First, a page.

When I met Shaun his parents lived in Dubbo and we would often drive through Orange from Sydney to visit them. We always said how we’d love to live there (this is back in the early 2000s) because it was so pretty and had a couple of good restaurants Lolli Redini and Selkirks – which was pretty unheard of in the country back then. Then when we were overseas family friends Kathy and Richard opened a restaurant in their vineyard, the School House at Mayfield, and asked us to run it. It was a no brainer, our own restaurant in the country in a town we’d always loved. We weren’t the first foodies to come here, but I feel like we were there from the early days and a lot has happened here since. I’m so thankful to Kathy and Richard for getting us to Orange. It’s the perfect place for us and we love it: it’s a beautiful blend of country and city.
Opening a restaurant must have been a huge challenge for a young couple.
Then we got this wonderful opportunity to run the School House Restaurant at Mayfield Vineyard by some family friends Kathy and Richard Thomas – I had grown up with Kathy and her daughters, who featured a lot in those tennis days and picnics at Murrurundi and that’s how we ended up there. We were so young, naive and full of confidence and passion. We made a lot of mistakes but had a lot of success early on and luckily our optimistic idea that we’d be fine working together was actually correct (eventually!).
What do you both remember about the first day of the restaurant?
I was so stressed! I think I may have blocked it out. I had only waitressed before in pubs and cafè©s, so I read and studied for weeks a book called ‘Table Service” obsessively. Then I set myself challenges to not make even a single mistake all service — the mistakes were along the lines of ‘If a customer has to ask for water, then that was a black mark”. I remember that we felt very good about that first service, probably drank all the leftover wine to reward ourselves – we were young to have our own business, most of our friends were still clubbing and going out.
How did the bakery come about?
Shaun was making bread for the restaurant and one of our customers was opening a little local produce shop called A Slice of Orange so we started doing a bit of wholesale to them. It got so busy we hired a baker, bought a proper baking oven and then the little shop in town came up. We moved there in 2012 (so almost 10 years now) and at that point we had been trialling all sorts of patisserie items — Shaun had spent years trying to perfect the croissant. We hired the most amazing artisan baker from Victoria called Ted, who ran the little bakery shop kitchen while Shaun still ran the restaurant. He was incredible and we learnt so much from him — he was such a professional and so generous with his knowledge. Ted retired in 2017, but by that stage the bakery had grown and had several bakers and chefs, then in COVID when we shut the restaurant and focussed on the bakery solely, it went huge.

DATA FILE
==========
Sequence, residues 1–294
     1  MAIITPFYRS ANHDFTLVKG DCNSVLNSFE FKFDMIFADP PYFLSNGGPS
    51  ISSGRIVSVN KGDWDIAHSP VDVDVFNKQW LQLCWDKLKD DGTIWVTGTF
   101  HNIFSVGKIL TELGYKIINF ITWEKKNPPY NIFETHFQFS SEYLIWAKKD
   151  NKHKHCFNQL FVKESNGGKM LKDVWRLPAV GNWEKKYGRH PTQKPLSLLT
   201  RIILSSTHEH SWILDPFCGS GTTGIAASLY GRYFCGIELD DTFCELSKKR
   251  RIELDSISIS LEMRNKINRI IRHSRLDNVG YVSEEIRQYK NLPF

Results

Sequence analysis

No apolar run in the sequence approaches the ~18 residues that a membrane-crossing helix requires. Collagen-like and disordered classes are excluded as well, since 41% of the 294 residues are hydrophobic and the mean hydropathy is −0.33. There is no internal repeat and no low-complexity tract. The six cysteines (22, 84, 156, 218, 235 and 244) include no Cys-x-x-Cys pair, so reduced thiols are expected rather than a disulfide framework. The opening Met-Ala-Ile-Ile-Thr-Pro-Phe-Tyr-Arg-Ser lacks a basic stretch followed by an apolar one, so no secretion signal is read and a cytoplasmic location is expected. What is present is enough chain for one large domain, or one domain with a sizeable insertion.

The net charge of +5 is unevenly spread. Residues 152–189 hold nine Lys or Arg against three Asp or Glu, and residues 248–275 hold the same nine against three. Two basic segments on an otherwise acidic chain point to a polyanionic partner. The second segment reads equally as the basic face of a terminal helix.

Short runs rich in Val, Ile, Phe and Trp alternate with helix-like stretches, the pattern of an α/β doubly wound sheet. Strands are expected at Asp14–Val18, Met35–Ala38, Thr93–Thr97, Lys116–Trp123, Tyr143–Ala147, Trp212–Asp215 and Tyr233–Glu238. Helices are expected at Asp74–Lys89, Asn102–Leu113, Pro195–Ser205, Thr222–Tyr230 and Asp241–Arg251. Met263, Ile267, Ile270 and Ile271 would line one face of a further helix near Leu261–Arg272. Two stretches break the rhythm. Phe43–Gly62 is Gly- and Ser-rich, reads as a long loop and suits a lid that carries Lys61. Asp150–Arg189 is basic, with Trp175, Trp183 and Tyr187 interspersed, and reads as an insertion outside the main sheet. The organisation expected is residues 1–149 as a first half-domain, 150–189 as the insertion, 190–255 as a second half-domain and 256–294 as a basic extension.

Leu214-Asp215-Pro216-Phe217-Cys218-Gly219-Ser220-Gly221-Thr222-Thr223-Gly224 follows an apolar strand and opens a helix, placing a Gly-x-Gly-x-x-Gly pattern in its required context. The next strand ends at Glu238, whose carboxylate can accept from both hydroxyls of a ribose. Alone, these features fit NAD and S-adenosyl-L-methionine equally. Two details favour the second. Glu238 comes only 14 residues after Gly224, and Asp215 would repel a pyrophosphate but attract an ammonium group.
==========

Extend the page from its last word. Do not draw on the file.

And finally, regional Australia has seen a huge shift in the last decade. How do you see the future?
It’s wonderful to see so many city people getting out and exploring the regions and even country people exploring other parts. I have always said that regional areas have been treated like the dumb unsophisticated cousin of the city when it comes to the food scene, but really we are just the smart ones who live this great lifestyle, doing what we love right where all the good food comes from, we are in it, we have access to producers, winemakers and farmers that you don’t get in the city. Loads of great chefs have moved here for a better life and while the concentration of good food isn’t like the city, you can find great food in basically any regional centre or town now that you couldn’t 15 years ago.
I think COVID has opened our eyes to how great regional Australia is and this has certainly been felt in Orange with visitor numbers and the amount of people who have moved here from the city (although Orange was already experiencing this before COVID). I can’t see that changing too much in the next few years, I think people want to stay local and that will become a habit.
166b Summer Street, Orange, NSW
(Entry via the Woolworths carpark)
Telephone (02) 6361 4234 or visit
A regular visitor to Orange — and Racine Restaurant — over the years, our editorial director enjoyed learning about Willa’s childhood in Murrurundi. “We usually mainly talk about food and work so it was lovely to hear about those early days,” she explains.
A trip to Racine Bakery was the ideal brief for this Orange-based photographer who lives just a short drive away.